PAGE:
The following article seems to show a Vatican archivist using this semantic range to weasel his way out of a very embarrassing situation involving the Catholic Church’s centuries-old suppression of information.

We owe this story to Stacy Meichtry, writing in the Wall Street Journal on 1 March 2012 (repeated in The Australian the following day – today):

‘Vatican’s ‘Secret Archives’ Open to Public View’

Here is a further copy of the intriguing article, which shows a new attempt by the Catholic Church to win over  a suspicious public, plus a final comment and a link to the writer, for the WordPress record.

 

“ROME—The Vatican is giving the public a rare, if temporary, peek inside its secret archive.

On Wednesday the Vatican kicked off a six-month exhibit at Rome’s Capitoline Museum that will place 100 documents, usually locked away in the pope’s personal archive, on display.

A papal bull excommunicating Martin Luther from the Catholic Church; the judicial acts of the trial of Galileo Galilei; and a letter from the guillotine-bound Marie Antoinette, are just a few examples of the kind of history-in-the-making documents that rarely are seen by the general public.

A register of the oaths of fealty to Pope Innocent VI is part of the exhibit.

The exhibit is part of a Vatican effort to rebrand one of its controversial institutions. The Vatican Secret Archives—the official name of the papal archive—have long been a source and symbol of intrigue, providing endless fodder to conspiracy theorists and a useful backdrop to at least one Dan Brown novel.

Critics have long accused the Vatican of using the archive to keep historically relevant—and potentially damaging—documents sealed away for ages.

Despite the repository’s reputation for secrecy, however, scholars are actually allowed to consult most of the archive.

“We don’t want this material to be kept secret,” Vatican archivist Enrico Flaiani told a group of reporters this week as he guided them into an underground bunker that houses part of the archive.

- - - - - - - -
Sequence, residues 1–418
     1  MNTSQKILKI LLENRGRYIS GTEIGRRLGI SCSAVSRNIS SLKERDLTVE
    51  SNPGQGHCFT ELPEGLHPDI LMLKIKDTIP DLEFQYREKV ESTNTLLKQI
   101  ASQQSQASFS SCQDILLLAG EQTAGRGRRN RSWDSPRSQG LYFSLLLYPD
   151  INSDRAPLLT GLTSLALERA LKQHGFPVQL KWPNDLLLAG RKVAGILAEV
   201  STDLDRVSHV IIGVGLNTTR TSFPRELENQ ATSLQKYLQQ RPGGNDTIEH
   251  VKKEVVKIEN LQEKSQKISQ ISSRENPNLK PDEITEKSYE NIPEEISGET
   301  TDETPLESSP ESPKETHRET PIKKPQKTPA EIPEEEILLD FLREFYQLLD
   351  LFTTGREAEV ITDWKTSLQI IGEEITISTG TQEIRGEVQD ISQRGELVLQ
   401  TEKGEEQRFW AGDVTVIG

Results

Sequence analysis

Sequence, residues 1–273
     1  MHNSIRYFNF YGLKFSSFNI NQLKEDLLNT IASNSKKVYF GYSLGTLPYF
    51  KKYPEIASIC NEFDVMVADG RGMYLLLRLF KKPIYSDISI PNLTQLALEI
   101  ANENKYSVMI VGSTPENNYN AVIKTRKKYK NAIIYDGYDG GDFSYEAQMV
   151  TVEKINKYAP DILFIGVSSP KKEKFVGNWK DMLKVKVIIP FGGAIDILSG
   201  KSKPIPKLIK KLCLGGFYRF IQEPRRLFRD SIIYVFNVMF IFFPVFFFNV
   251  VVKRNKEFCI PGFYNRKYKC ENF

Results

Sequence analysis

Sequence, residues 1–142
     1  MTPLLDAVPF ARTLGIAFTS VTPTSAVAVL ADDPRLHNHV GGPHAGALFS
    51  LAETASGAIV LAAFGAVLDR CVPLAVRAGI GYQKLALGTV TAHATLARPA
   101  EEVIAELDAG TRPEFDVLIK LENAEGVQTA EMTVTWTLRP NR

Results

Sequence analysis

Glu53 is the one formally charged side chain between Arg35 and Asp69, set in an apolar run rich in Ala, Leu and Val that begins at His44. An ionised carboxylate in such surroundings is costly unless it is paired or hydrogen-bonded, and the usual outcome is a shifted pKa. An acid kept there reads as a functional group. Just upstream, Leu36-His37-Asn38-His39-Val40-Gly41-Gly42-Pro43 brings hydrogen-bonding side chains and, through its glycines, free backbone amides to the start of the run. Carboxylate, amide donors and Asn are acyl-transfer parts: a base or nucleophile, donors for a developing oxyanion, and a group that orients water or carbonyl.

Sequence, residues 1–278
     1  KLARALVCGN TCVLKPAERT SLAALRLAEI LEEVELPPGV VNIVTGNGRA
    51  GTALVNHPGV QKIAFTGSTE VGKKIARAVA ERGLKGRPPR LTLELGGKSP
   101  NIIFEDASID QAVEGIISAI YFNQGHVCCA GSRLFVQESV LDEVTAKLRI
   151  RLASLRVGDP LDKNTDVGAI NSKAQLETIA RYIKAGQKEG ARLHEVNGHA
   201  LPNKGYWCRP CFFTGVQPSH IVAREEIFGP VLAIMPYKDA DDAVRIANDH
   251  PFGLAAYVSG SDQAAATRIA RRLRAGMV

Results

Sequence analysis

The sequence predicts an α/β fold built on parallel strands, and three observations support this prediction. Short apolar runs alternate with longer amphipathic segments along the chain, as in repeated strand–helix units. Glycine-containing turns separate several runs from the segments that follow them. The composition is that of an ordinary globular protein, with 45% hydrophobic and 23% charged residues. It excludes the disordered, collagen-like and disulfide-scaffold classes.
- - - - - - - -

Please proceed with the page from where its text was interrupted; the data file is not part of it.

Beneath a vast concrete ceiling, curled parchment and cracked leather bindings filled the dimly lit stacks.

Mr. Flaiani cast the archive as a mere victim of Latin lost in translation. The decision to call the Archivum Secretum Vaticanum the Vatican’s “secret archive” was a mistake, the archivist said, adding that he preferred the translation “personal archive.”

Still, part of the archive is certainly kept secret.

Documents dating from 1939—the year the World War II-era pontiff, Pius XII, took office—are kept locked behind metal fences. Vatican officials have said they need time to index the files, but the issue is one of papal prerogative.

Documents related to the trial of Galileo Galilei are part of the exhibition.

Pope Benedict XVI, or his successors, will decide when those documents are made public. For the exhibit, however, the Vatican appears to have allowed at least one such document to slip past the fences.

Among the letters on display is an April 1944 memorandum from a Rome priest to Giovanni Battista Montini, a top Vatican bishop who would later become Pope Paul VI.

A week earlier, Nazi troops had massacred hundreds of people near catacombs on the outskirts of Rome and had tried to cover up the act by sealing the bodies inside a quarry.

“There is a pile of corpses. Six can be seen clearly,” the memo states, describing one of the younger victims as having “three fingers whose flesh has been stripped off in earlier torture.”

“Another has dug his nails in the chest of his comrade who has fallen beneath him, as if he was trying to get up for the last time,” the memo states.

[The following section is NOT included in the reprise by The Australian.]

The archive has a tortured history.

Bishop Sergio Pagano, head of the archive, recalled how in earlier centuries his predecessors were thrown in Vatican dungeons for releasing papal files. When Napoleon Bonaparte conquered Rome, he moved the entire archive to France. With his reign ended, thousands of documents were destroyed in a cull, because the archive was deemed too massive to return to Rome in its entirety.’

[Write to Stacy Meichtry at stacy.meichtry@wsj.com ]

A version of this article appeared Mar. 1, 2012, on page A11 in some U.S. editions of The Wall Street Journal, with the headline: Vatican’s ‘Secret Archives’ Open to Public View.”